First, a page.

Sunday – May 28, 2023
Word On Worship – Sunday – May 28, 2023
So they asked him, “Who is this fellow who told you to pick it up and walk?” The man who was healed had no idea who it was, for Jesus had slipped away into the crowd that was there.
I have always been puzzled by the healing of the man at the pool of Bethesda. After all, the alleged “miraculous healings” at the pool of Bethesda are not like any other healing I have found in the Bible. Have you ever read of any such miracle in the Bible, where an angel somehow energizes the waters, and the first person into the water is healed? Where do we ever read of angels being involved with healings? Water is often used in healings, but such miracles are always specific—not general. Naaman was healed of his leprosy when he obeyed Elisha’s instructions to dip himself seven times in the Jordan River in 2 Kings 5.
People are healed individually and specifically, not in some kind of “whoever can get there first” manner. And would God really heal someone simply because they can push and shove and their way into the pool first? Why does Jesus ask this man if he wishes to get well? And why does the man not give a simple “Yes” in response? Instead, the man blames everyone else for failing to provide him with a healing, since no one will help him into the pool so others beat him to it. Unlike the woman at the well in chapter 4, or even Nicodemus in chapter 3, this man seems to have no spiritual insight, no theological content, and definitely no faith.
This passage is a reminder of the “weakness” of signs and wonders compared to the power of God’s Word. Signs and wonders do not necessarily produce faith, and the faith they do produce is second-class. Here, the miracle Jesus performs does not even produce faith in the one who is healed. The paralytic betrays our Lord by identifying Him to the authorities. Signs and wonders are something like street drugs or alcohol—they may produce a spectacular effect at the beginning, but as time goes on, you need more and more to produce the desired effect. Signs and wonders have a diminishing return. They are not wrong, John describes them in this Gospel to convince his readers that Jesus is the Messiah, so that men and women might believe in His name and obtain the gift of eternal life.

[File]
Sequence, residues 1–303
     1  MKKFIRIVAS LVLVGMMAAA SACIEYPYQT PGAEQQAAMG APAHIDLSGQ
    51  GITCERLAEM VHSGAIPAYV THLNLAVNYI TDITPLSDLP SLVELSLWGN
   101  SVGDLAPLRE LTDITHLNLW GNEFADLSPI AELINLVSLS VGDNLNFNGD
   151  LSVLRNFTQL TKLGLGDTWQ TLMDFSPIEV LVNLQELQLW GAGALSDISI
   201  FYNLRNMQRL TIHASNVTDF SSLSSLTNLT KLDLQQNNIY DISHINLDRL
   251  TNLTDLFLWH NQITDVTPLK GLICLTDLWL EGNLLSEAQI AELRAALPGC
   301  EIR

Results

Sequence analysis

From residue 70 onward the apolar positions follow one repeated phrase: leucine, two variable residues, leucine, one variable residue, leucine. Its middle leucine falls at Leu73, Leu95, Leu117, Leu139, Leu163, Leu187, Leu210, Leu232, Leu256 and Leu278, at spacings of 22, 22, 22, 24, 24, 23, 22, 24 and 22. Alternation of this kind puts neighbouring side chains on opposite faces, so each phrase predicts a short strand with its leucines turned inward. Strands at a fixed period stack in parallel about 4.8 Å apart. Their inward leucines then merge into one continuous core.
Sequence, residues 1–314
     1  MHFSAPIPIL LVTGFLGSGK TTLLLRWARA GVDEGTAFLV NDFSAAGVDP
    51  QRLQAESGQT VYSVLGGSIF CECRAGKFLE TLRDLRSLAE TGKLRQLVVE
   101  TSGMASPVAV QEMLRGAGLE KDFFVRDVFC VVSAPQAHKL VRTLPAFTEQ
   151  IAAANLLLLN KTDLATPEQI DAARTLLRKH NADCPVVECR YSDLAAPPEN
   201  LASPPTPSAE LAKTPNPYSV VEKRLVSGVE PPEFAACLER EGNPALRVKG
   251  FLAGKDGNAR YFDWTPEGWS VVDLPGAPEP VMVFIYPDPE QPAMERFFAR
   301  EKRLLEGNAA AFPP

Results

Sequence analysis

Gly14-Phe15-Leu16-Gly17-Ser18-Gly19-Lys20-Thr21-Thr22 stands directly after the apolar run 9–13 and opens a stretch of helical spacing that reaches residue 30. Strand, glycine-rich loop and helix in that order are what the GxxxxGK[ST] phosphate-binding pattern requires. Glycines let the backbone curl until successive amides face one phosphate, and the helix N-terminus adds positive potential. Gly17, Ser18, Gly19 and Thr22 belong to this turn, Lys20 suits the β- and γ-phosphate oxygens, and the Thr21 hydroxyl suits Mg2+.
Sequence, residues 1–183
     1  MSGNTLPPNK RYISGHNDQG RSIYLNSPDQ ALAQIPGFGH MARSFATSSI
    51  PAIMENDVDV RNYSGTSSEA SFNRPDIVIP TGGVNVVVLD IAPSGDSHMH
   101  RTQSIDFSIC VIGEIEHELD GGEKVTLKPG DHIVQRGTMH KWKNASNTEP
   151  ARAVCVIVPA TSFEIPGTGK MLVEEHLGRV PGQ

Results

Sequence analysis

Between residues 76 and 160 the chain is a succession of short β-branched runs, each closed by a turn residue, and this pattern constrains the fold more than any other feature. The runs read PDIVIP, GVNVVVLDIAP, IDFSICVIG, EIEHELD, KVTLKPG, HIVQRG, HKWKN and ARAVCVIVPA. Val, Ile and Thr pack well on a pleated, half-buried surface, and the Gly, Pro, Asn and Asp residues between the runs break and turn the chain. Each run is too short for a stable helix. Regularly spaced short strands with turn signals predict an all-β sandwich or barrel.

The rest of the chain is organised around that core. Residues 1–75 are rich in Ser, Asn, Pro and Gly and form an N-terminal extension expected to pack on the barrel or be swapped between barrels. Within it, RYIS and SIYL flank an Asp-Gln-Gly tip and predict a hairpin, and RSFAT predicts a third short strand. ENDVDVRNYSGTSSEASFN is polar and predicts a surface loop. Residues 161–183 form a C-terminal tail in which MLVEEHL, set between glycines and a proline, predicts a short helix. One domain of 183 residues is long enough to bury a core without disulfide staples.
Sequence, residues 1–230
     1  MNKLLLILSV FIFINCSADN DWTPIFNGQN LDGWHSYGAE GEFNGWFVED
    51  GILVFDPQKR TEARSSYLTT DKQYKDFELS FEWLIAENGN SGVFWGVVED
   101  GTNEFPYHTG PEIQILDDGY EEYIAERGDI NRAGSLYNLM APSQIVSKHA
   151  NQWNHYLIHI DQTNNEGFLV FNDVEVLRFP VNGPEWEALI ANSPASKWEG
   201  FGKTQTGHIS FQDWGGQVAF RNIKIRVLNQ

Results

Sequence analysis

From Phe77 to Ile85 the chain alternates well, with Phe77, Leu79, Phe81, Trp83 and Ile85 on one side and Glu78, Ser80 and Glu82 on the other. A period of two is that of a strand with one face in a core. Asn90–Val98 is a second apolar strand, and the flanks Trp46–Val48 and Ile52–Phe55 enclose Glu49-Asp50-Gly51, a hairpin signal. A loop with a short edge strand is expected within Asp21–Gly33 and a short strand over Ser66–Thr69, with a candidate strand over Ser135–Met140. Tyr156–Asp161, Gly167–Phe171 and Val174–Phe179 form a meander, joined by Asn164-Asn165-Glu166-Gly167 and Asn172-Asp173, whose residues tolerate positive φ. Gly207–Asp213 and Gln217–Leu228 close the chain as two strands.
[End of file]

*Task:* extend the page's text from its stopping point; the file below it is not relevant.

While signs seem to produce fewer and fewer saints, the word of the Lord is mighty. Jesus does not need the angel-troubled waters of the pool of Bethesda to heal the paralytic. He does not even need the faith of this disabled man. All that is required is His word. At His command, the man who has been disabled for 38 years gets up and walks—not only walks, but carries his bed with him. He who is the Word, the Logos, who created the world with a word, is the One who heals with but a word. We should thus heed His words, for they are spirit and life (John 6:63).